A Bible, A Bible, Do we already have a Bible?By: Stephen Marsh
Yesterday, while we were on the way to Church, our eleven year old interrupted us with a “you’ve got to read this.” We had her read it to us. She had just finished Matthew Chapter 6 and had to share it.
Of course they had read it a couple of weeks ago at Church in the King James version. It did not have the same impact. She’s smart (three standard deviations above her class’s norm on her latest assessment scores), but two weeks ago it was the King James (which I love for its poetic flavor). Sunday it was a modern translation. When she reads either out loud she sounds flawless. But with the modern translation, she found passion.
She kept reading, engrossed, all through Sacrament meeting. As a result, I’ve seriously rethought my feelings on the King James based on that experience. I love the flavor and the poetry, but to see her just enraptured in the scriptures, that was a significant moment for me. So, if I were doing the Sunday School Curriculum for next year, I would revisit the New Testament, for part of it.
I would assign 20% to buy Net Bibles. 20% to pick up The New Oxford Annotated Bible with Apocrypha: New Revised Standard Version. Another 20% The Jerusalem Bible: Reader’s Edition. That leaves 40% to browse around, use their King James version or try something else.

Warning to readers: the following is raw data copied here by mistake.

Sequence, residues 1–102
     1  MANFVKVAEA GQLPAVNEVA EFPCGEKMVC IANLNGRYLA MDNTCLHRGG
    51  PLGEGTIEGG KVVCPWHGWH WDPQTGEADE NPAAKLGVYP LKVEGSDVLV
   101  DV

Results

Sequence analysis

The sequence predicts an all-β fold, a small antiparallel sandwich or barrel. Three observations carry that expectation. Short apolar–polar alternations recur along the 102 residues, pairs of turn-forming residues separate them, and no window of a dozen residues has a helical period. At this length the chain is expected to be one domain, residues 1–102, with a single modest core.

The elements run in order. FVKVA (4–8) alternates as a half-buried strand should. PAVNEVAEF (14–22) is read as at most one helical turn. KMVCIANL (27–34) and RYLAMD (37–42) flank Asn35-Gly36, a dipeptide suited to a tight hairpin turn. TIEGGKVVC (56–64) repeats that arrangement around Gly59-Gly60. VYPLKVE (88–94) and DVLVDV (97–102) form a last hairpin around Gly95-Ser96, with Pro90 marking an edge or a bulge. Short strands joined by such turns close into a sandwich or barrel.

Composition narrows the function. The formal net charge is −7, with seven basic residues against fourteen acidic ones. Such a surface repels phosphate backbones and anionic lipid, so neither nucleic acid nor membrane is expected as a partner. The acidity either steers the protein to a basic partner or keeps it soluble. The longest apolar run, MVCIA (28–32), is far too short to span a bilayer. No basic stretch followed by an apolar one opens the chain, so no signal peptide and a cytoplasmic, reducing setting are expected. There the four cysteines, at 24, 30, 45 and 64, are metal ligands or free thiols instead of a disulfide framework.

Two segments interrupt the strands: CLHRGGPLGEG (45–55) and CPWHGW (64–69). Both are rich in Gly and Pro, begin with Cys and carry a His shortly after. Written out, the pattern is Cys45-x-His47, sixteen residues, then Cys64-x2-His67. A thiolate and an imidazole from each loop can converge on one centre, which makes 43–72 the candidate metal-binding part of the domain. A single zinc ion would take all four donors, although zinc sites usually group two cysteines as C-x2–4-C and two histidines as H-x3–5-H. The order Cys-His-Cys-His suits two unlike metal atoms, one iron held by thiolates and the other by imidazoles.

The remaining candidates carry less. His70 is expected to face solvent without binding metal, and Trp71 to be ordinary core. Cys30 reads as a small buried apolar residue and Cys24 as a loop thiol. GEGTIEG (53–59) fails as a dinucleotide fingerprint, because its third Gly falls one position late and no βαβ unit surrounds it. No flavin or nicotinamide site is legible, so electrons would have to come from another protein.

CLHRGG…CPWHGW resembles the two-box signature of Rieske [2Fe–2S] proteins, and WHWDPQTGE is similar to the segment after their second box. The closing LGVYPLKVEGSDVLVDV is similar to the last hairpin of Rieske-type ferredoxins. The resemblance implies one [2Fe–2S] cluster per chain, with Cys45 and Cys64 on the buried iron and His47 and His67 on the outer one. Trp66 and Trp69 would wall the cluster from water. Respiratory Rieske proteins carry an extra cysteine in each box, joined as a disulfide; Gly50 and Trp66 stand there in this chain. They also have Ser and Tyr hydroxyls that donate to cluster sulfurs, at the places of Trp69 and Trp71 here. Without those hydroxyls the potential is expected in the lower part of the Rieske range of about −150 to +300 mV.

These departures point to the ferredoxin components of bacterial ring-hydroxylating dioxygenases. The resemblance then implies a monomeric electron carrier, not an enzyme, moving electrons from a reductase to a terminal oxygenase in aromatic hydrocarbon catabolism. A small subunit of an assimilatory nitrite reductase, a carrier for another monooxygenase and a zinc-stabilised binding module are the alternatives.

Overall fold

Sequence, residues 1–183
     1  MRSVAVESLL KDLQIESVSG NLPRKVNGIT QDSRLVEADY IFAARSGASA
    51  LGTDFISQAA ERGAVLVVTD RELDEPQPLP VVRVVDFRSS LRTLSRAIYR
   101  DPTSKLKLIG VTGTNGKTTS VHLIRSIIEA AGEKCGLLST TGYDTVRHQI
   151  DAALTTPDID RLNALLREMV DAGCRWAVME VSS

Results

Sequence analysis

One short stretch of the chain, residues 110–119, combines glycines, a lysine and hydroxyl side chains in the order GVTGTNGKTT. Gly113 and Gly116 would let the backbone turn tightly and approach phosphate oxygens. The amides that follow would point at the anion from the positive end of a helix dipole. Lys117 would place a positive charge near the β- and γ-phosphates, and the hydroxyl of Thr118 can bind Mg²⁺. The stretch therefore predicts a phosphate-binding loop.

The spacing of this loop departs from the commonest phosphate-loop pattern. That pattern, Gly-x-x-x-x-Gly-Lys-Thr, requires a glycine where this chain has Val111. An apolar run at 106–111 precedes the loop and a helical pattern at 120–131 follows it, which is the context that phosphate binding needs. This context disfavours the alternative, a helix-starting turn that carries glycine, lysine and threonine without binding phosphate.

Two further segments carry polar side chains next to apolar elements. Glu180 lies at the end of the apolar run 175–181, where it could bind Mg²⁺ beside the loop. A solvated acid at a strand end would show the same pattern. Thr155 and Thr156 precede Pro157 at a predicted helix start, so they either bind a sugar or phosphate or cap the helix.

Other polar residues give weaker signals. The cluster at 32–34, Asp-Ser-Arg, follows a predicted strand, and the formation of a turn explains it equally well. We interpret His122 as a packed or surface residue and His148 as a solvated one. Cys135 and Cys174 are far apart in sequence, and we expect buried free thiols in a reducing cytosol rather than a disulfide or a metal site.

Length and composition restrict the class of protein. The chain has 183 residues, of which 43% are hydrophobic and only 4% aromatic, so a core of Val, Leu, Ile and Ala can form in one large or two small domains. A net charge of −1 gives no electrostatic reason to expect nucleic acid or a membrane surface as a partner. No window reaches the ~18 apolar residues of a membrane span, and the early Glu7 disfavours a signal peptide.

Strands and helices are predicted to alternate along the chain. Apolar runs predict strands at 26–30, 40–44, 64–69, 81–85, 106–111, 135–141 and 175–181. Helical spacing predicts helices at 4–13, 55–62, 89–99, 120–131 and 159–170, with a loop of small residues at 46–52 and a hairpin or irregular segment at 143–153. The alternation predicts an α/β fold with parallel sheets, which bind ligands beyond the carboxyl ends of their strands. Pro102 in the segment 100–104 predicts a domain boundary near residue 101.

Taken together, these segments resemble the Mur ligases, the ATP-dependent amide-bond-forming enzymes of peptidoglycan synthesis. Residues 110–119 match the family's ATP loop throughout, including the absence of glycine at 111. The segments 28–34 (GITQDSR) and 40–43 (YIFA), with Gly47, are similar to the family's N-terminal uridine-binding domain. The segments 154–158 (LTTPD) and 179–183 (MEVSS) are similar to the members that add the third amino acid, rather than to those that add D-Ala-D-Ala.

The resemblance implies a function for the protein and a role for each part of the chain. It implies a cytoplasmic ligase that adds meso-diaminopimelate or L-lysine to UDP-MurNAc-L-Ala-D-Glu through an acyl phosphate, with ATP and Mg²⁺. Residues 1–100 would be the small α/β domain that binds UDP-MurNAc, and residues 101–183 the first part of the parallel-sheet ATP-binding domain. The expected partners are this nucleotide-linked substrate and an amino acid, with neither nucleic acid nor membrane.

Then, once a month, have the class read, out loud, a chapter at a time, from selected New Testament readings. They would read along with each other for thirty minutes, then the remainder of the time would be open discussion.
I know. The King James is classic. It has poetry and grace. It can be quoted in general conference without paying royalties and without getting prior permission from the publisher (one of the reasons behind the Net Bible, fyi). But it did not connect for my eleven year old daughter to find joy in the scriptures. It would not hurt to see just what alternative translations might do for others.
Of course that would leave three weeks a month with other topics for lessons.
One lesson a month I’d approach basic topics, such as Anger and Unrighteous Dominion or Prayers of the Faithful or how to engage in Edifying Others. [take these links as rough draft approaches for topics that could use covering].
One lesson a month would be on a practical topic, like how to deal with verbal violence, or how to have a difficult conversation, or how to avoid the pattern of anger, distance and contempt that ruins many marriages.
That would leave one lesson a month for open discussion — teaching people how to be involved in open conversations and discussions, and how to deal with topics. Perhaps using the LDS 12 Step program materials (at least for the first six months). Perhaps using the twelve steps for twelve months and the “fifth Sundays” for practicing open conversation groups.
What would you do if you had a year of the Sunday School Curriculum to work with? Why? How?